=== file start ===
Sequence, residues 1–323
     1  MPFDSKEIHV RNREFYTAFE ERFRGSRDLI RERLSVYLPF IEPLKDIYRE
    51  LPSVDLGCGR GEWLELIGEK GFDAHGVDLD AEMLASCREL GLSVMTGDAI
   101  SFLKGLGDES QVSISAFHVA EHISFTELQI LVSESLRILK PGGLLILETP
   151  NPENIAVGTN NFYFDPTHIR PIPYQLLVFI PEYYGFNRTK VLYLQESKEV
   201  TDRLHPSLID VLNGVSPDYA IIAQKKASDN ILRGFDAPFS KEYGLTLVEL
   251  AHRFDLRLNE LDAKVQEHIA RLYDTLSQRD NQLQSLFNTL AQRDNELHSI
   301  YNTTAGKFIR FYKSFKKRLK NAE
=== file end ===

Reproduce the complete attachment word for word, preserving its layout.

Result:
Sequence, residues 1–323
     1  MPFDSKEIHV RNREFYTAFE ERFRGSRDLI RERLSVYLPF IEPLKDIYRE
    51  LPSVDLGCGR GEWLELIGEK GFDAHGVDLD AEMLASCREL GLSVMTGDAI
   101  SFLKGLGDES QVSISAFHVA EHISFTELQI LVSESLRILK PGGLLILETP
   151  NPENIAVGTN NFYFDPTHIR PIPYQLLVFI PEYYGFNRTK VLYLQESKEV
   201  TDRLHPSLID VLNGVSPDYA IIAQKKASDN ILRGFDAPFS KEYGLTLVEL
   251  AHRFDLRLNE LDAKVQEHIA RLYDTLSQRD NQLQSLFNTL AQRDNELHSI
   301  YNTTAGKFIR FYKSFKKRLK NAE